Shoemaker by Levy: The Man Who Made an Impact

David Levy, Author Princeton University Press $42.5 (320p) ISBN 978-0-691-00225-5
Eugene Shoemaker (1928-1997) is best known to the general public for his discovery, along with his wife, Carolyn, and author Levy, of comet Shoemaker-Levy 9, which slammed into the planet Jupiter in 1994. Shoemaker had played an important role in the Ranger and Apollo programs, where he helped to determine the geology of the moon's surface and ascertained that landing craft and astronauts wouldn't sink knee-deep into the thick regolith (surface material) as other scientists had speculated. He also made important discoveries in the new field of paleomagnetism, determining the age of rocks through analysis of their magnetic orientation. But Shoemaker, who was killed in a freak car accident in the Australian Outback, will be best remembered for proving that huge craters like Meteor Crater in Arizona and those on the moon were not caused by volcanic activity, but by the colossal and often deadly impact of asteroids and comets. Shoemaker-Levy 9 provided the final bit of evidence: mysterious strings of craters on our moon and elsewhere are now recognized as having been created by similar comets or asteroids that broke up before impact. Fellow comet hunter Levy, the biographer of astronomers Bart Bok and Clyde Tombaugh, pens an affectionate portrait of his gifted if mercurial friend. Not all of the amusing anecdotes contribute to the total picture, and Levy's prose is occasionally a little stiff, but readers will appreciate, in addition to its welcome memoir of Shoemaker, the book's overview of the development of planetary geology during the last half-century. (Oct.)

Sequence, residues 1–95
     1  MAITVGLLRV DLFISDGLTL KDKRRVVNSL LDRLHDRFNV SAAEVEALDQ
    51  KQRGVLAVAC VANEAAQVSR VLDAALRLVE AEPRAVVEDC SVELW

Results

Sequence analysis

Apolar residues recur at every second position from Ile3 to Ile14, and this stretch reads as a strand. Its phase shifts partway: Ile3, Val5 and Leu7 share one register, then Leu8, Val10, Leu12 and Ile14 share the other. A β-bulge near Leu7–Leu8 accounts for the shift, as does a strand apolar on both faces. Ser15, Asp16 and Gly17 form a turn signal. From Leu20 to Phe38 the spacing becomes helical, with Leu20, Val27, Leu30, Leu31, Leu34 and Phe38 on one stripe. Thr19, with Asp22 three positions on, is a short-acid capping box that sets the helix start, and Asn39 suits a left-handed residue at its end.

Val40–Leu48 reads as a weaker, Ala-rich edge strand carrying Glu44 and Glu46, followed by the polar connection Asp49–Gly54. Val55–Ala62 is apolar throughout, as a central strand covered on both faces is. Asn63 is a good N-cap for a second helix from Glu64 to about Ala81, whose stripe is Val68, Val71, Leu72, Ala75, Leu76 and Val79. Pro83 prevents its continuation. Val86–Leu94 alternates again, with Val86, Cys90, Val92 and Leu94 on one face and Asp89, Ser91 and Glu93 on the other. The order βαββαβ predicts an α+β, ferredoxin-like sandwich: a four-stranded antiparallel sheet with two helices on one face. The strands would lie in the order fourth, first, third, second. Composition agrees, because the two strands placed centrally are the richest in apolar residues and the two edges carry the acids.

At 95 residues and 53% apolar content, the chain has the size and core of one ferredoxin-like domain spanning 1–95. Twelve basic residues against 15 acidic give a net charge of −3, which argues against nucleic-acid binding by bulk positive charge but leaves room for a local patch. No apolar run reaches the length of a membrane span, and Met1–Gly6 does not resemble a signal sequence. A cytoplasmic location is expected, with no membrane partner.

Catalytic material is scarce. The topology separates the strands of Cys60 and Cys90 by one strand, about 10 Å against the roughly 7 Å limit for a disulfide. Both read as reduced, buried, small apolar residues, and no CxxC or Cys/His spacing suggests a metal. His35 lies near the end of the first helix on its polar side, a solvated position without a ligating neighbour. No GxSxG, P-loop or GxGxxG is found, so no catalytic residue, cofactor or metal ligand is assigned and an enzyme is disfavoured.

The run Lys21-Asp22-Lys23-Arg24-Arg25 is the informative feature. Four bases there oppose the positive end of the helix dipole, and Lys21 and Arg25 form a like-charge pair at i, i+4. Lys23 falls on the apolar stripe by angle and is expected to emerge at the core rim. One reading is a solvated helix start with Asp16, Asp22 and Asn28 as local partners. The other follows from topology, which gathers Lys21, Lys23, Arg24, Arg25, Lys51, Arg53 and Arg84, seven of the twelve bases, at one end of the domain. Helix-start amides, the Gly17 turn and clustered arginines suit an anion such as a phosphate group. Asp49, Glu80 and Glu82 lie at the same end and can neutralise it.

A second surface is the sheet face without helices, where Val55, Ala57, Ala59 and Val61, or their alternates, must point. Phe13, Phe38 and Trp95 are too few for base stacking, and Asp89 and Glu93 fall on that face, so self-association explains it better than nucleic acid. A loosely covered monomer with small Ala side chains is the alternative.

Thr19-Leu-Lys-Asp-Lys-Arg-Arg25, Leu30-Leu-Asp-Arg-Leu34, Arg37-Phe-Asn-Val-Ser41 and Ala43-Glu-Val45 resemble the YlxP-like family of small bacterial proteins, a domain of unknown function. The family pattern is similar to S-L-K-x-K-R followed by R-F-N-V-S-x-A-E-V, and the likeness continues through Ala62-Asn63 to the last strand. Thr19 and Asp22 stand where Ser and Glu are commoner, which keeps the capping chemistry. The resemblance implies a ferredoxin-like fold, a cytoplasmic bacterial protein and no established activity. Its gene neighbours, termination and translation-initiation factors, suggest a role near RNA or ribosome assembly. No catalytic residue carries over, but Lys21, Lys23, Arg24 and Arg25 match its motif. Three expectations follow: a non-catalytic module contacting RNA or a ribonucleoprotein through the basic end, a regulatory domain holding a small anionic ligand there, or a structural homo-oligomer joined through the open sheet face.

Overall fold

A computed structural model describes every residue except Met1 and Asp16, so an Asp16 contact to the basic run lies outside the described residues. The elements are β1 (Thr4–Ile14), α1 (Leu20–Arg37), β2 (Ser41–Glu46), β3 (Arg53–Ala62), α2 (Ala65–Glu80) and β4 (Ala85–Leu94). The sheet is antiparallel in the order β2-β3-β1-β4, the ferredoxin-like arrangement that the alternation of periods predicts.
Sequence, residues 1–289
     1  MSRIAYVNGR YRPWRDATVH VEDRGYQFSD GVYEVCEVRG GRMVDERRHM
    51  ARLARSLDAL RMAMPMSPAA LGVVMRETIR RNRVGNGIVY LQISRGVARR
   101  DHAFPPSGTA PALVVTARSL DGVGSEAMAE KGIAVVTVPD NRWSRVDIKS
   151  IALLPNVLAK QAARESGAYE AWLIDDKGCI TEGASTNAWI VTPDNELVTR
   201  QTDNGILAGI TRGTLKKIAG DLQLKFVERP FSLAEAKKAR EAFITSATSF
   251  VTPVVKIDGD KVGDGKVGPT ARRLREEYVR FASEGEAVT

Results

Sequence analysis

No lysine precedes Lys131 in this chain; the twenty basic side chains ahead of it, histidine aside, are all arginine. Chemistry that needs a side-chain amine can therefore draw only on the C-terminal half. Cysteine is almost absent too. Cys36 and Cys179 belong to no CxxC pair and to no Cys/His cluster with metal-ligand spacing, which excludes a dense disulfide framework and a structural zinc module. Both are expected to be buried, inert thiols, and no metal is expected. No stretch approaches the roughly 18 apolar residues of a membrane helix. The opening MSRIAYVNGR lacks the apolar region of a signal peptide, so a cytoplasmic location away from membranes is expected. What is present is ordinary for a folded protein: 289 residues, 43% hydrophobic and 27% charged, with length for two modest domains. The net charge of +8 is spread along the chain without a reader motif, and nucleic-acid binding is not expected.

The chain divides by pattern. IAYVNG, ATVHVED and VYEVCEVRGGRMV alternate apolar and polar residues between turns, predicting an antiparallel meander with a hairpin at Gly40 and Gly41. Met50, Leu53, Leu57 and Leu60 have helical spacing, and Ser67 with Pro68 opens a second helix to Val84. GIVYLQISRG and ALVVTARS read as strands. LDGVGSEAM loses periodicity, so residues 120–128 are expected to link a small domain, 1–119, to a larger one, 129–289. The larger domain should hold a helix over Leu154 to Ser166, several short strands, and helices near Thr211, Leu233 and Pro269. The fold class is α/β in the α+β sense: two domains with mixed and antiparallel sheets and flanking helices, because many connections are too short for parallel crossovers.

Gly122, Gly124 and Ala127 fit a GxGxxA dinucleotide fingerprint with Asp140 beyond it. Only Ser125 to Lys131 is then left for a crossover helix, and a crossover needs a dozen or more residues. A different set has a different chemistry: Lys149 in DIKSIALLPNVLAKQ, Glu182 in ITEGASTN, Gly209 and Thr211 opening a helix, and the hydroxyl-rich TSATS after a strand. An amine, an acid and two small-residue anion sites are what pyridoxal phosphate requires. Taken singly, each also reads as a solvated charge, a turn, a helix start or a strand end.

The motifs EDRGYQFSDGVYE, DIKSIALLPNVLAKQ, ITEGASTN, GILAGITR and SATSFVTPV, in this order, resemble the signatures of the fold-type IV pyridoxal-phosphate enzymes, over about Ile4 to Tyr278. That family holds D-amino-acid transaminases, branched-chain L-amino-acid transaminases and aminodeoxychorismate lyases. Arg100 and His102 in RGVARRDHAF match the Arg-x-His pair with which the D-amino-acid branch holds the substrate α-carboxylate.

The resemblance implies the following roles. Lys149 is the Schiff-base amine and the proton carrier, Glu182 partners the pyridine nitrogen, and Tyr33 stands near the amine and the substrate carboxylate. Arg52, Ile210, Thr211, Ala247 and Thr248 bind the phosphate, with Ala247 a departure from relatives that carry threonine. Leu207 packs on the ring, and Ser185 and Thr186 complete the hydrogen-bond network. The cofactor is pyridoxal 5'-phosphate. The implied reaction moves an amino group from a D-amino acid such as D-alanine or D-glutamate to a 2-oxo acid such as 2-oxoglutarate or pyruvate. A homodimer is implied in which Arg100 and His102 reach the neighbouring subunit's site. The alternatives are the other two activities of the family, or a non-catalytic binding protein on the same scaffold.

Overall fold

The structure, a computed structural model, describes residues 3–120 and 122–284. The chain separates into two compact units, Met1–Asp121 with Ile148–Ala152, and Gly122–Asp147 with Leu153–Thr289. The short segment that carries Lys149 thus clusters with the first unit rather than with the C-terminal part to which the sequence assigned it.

Reviewed on: 09/04/2000
Release date: 09/01/2000
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